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Beebee   

here's some links with info about NAS northamptonshire ...

 

http://www.autism.org.uk/our-services/find-nas-services-in-your-area/local-services/northamptonshire-services/education-support-services.aspx

 

http://www.autism.org.uk/en-gb/our-services/find-nas-services-in-your-area/local-services/northamptonshire-services.aspx

 

good luck

 

all the best

 

take care

 

XKLX

Hi 'K'

Many thanks for all your helpful links and advice. I will look into them and hope that i can find some support groups in or area.. :)

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Beebee   

For your encouragement, my now 19 year old left school at 16. We were unsure about where next as we could see him not managing the unstructuredness on either 6th form or FE college. As it was, he applied for an apprenticeship doing IT with the local council and with them did the NVQ3. Intellectually, he had the grades to do A levels, but I had heard people with AS saying before that entering work at a higher grade had put too many pressures on at once, so we played cautious. He finished his NVQ, was kept on, albeit on temporary contracts, and has now been offered a permanent job to train and work as a programmer for an internet book seller. He has coped well because it hasn't been too taxing, and he has managed to socialise a bit with people. JNot sure about al the money management - he crertainly has lots, but I have no idea how he manages it!! Anyway, just thought this might be an encouragement. Things can work out.

Hi there

Its encouraging to hear your about your son's success. My ds is definately interested in continuing his I.T studies and then hopefully working in that field.

I think the worst thing is the 'unknown' but i do my best to keep encouraging him to do his very best..!!

Thank you for replying and sharing your son's positive story.

Bee :D

Edited by Beebee

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Beebee   

Just keep encouraging him and pushing him. I know all about the isolated part though, and it sucks. I was only diagnosed with mild aspergers but i'm only really sorting my life out for the first time in several years after being in a rut. I was thinking of setting up meet ups for people with autism in general in the future because me personally i'm desperate to get out more and enjoy myself, i'm not even that bad socialising, but after losing most of my 'good' friends for various reasons i'm finding it hard to make good new ones.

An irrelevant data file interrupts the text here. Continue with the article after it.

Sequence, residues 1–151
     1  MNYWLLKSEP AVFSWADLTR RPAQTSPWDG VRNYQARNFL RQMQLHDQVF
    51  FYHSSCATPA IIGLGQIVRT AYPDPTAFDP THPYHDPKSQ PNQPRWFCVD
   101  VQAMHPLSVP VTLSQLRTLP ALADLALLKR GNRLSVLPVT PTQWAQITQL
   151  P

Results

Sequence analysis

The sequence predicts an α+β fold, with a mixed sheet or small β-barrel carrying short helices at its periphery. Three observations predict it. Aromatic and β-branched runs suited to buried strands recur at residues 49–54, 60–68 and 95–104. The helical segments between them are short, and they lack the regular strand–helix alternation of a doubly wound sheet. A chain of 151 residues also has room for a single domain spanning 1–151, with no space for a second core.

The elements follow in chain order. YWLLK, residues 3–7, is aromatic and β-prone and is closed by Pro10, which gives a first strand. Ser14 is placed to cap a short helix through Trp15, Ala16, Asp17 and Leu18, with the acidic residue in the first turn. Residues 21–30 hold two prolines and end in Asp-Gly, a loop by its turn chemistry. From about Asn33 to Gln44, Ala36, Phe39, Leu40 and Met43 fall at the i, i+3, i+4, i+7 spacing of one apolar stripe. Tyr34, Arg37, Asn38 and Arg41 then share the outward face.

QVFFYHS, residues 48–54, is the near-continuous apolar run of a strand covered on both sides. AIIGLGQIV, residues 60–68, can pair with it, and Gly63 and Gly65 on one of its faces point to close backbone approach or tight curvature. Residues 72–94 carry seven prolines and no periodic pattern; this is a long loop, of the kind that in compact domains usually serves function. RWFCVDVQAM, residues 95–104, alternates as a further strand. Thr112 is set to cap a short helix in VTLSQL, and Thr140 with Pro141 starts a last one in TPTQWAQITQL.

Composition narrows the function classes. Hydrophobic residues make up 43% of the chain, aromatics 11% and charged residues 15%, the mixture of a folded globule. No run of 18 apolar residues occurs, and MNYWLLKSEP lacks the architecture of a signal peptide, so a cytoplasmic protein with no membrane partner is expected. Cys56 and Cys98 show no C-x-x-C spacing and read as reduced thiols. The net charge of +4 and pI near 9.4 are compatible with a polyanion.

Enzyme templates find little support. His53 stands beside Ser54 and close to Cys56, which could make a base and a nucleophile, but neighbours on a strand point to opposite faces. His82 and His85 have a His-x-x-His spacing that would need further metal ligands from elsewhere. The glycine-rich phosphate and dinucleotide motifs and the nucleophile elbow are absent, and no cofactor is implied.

On a good day you wouldn't think i had a problem but on a bad day you would, and that's the key thing i think. Anyway good luck and encouragement goes a long way! I could have REALLY done with a bit more myself in some of my earlier years!

Hi Goldenben

I try really hard to encourage and 'nudge' him in the right direction, although i'm sure at times he thinks im 'nagging' and shut's off..!! :rolleyes:

I am sure that he stay's in and doesn't socialise as it's easier for him.!?

Your idea of setting up a 'meet' group for those with autism/asd is a great idea. It seems to me that once you become an adolescent there is very little 'support' out there (i could be wrong.?).

My ds has his good and bad days too, but he find's socialising and 'conforming' (so to speak) the most difficult thing's, so meeting with 'likeminded' people would ease his anxieties on how he is 'expected to behave'.

Anyway, thank you for taking the time to reply and for your insight.

Bee :thumbs:

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oli'smum   

Whats his thing? computers/art/music? whatever it is he focuses on most is the way to guide him to a future career, thats what the ADOS told me to do for my daughter, her thing is computers and technology, try not to worry for his future as he may pick up on it and become anxious, as hard as it may be just go with the flow if you can, he will let you know if it gets too much for him,(anxiety/behaviour) then step in, whatever his focus guide him in that direction, i raised my child for 12 yrs before she was diagnosed aspergers, she has never been treated differently from other children, as much as we have to adapt they also can learn to adapt. Just takes more time and patience.

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oxgirl   

I think the worst thing is the 'unknown' but i do my best to keep encouraging him to do his very best..!!

 

When my lad was in school and coming towards the end I was terrified about him leaving and going out into the world and losing all the contact, input and support we'd had from school staff, going to meetings about him, reading reports, chats with the staff, etc. etc., I wondered how I'D cope without it! Now, I'm so glad he's free of it and so glad it's all over! When I think back to him being in school I marvel at how we managed to cope with it and how we stuck it out for all those years, tbh. It's so much better now he has left all that behind, I'd never want to go back to do it again.

 

~ Mel ~

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As an autistic myself, getting out of school was honestly the best thing that ever happened to me. Meltdowns stopped dead and I was finally able to fully explore my interests. What you should do is find one of your son's special interests with real world potential and embrace that. Also, If he isn't already, get him on the Internet. Getting online for me, was like suddenly being able to download massive amounts of information directly into my head.

 

Also your son may be interested in reading my blog, Achieving Extraordinary Success, which is written with young autistic/aspie adults in mind:

 

http://achievingextraordinarysuccess.com/